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San Bruno early development
July 23, 2012, 05:00 AM By Darold Fredricks

Author's collection The San Bruno Park Addition was served by the #40 trolley (left track)

The Jose Sanchez (II) estate of Rancho Buri Buri was granted to him in 1836. When Sanchez died in 1843, his estate was cut up and sold on a piecemeal pattern due to the debt incurred in the court battles and the need of his heirs to live off of their estate. The Mexican Rancho owners were land rich but money poor and they were continually mortgaging their land without regard to amounts owed or methods of paying off the debts. Therefore, after Jose Antonio Sanchez died (1775-1843) his heirs divided and sold off their inheritance to the flood of land hungry immigrants in the newly formed state of California (1850).

The most desirable and available land of the future San Bruno, at that time, lay on the flat land east of County Road (El Camino Real) in the 1850s. Money began pouring onto the Peninsula from successful businessmen north of the Peninsula. The land was subdivided and trees were planted to give the area a park look. They named the tract the San Bruno Park Addition. A rush to purchase the land ensued beginning with the South San Francisco Land and Improvement Company. D. O. Mills (of Millbrae fame) and his brother-in-law, Ansel Ives Easton (living in Burlingame) then purchased the land then sold the land after the #40 Line Trolley was constructed down the Peninsula in 1903. It was opened for development by realtors George A. Hensley and Alfred T. Green (with R. Masson Smith as a silent partner). On one of the promotional brochures it was stated the other investors at the time of Nov. 11, 1906, A.C. Kains was shown to be the manger of the Canadian Bank of Commerce; John S. Angus was a capitalist; W. J. Martin was president of the S.S.F. Railroad and Power Company; George H. Mastick, attorney; and George F. Chapman, general manager of the United Railroads of San Francisco. Most of these men have streets named for them in the downtown area.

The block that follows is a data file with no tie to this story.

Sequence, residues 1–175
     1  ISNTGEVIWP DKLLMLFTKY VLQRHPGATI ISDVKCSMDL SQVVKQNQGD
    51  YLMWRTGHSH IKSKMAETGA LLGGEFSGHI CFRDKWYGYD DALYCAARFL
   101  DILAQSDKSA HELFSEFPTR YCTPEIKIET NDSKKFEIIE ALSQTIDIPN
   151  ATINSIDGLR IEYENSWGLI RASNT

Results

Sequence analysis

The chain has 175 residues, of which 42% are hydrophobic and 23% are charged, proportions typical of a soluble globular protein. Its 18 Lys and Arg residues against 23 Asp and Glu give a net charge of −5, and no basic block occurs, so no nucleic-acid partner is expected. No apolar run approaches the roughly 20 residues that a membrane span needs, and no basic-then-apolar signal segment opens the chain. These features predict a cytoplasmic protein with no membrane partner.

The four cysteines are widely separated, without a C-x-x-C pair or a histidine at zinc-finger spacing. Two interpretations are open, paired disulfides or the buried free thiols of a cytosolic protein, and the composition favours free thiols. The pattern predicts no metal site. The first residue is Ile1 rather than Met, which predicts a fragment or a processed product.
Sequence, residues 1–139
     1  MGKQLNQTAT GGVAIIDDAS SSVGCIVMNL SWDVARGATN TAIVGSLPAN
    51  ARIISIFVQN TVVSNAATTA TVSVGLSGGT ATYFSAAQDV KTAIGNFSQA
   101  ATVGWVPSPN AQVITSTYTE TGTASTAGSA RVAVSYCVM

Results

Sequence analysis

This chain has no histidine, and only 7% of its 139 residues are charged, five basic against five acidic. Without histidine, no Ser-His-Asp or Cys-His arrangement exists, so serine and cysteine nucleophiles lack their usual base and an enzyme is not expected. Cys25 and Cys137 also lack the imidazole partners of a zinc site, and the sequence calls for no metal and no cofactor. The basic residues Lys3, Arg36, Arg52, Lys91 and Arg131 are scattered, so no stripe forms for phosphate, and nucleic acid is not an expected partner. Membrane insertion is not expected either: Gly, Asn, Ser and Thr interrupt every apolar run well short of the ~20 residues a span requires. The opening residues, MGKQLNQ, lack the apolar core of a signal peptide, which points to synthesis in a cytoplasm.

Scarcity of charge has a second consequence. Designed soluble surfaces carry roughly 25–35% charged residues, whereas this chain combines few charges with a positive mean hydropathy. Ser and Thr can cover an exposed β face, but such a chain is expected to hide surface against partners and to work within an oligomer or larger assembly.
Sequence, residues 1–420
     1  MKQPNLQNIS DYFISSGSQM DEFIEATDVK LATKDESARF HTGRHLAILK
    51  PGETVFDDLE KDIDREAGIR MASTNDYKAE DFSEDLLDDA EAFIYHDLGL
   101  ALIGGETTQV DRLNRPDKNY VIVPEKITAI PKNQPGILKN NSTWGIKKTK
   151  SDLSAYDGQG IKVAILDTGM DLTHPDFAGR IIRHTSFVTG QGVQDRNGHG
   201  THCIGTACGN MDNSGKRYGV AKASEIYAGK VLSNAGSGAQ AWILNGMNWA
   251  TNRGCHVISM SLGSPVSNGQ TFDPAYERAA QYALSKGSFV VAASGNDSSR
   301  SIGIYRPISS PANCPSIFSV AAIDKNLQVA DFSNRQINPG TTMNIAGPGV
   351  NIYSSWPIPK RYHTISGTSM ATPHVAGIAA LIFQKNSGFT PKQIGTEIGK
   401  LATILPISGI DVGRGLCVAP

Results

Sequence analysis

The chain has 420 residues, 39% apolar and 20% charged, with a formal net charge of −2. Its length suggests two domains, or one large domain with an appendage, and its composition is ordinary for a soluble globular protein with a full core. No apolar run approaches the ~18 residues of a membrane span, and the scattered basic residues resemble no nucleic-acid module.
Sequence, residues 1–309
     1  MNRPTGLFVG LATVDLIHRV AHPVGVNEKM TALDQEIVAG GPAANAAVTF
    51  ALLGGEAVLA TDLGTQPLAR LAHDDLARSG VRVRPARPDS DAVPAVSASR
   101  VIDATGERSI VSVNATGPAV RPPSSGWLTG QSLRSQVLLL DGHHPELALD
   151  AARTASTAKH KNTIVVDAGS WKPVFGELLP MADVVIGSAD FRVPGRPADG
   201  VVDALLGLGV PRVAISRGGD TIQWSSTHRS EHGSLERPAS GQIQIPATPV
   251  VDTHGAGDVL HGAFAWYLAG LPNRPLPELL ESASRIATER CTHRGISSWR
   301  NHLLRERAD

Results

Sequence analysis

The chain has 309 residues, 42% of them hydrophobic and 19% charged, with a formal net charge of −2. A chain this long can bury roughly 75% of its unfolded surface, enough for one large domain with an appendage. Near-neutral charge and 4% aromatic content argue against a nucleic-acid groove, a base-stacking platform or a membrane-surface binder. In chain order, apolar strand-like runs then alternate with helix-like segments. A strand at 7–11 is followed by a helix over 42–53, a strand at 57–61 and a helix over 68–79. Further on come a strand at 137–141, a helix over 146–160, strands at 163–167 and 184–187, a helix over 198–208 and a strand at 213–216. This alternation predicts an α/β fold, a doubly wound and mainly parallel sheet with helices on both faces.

Lots could be bought with little money down ($200) and low monthly payments ($25). These 25-foot lots had no sidewalks or curbs and faced a dirt street that was not paved until the 1920s. The streets were impassable in the wet winter months. The water table was near the surface so there was well-water  available in abundance. "Outhouses” were constructed for sanitation use. This would pose a problem later when the community was built up. Prospective buyers were coaxed down the Peninsula to San Bruno by free trips on the #40 Line. A band played as they got off the trolley and meal of sandwiches and drinks were waiting for them after they took a tour of the San Bruno Park Addition.

The lots did not sell very fast and purchasers tended to from San Francisco. Most were looking for a piece of land where they could spend their leisure time out of the city. Most lots were never built upon until 20 or 30 years after purchase and the most owners failed to pay the taxes as well as the principle. This proved to become a huge tax problem for San Bruno and in the 1930s delinquent lots was sold by the city by the hundreds.

Alfred Tiasco Green was born in San Francisco on March 21, 1857 (d. 1927). He became a surveyor and plied his trade in the San Bruno area in the late 1800s. While working in the area he stayed at the Cunningham "San Bruno House” that had been built on an acre of land facing San Mateo Avenue (now American Legion Hall). In 1863 the San Jose and San Francisco Railroad (in 1868 it became the Southern Pacific Railroad) was built across his property to the east.

A partnership with Mr. Hensley resulted in the Hensley-Green Company office being set up at 35 Van Ness Avenue. Their logo states that the Hensley-Green Company was the "Largest Suburban Real Estate operators on the Pacific Coast”.

Alfred T. Green’s son, A. Hyde Green (b. 1888-1961), became well known in the community and he built many homes and sold real estate in the San Bruno area. He built a home behind Green’s Hall (which he owned at 440 San Mateo Ave.) on Mastick. He continued in real estate dealings just like his father did and had a business office next to Artichoke Joe’s (670) on San Mateo Avenue. He and his wife built a beautiful house at 433 Mastic.

 

Rediscovering the Peninsula by Darold Fredricks appears in the Monday edition of the Daily Journal.


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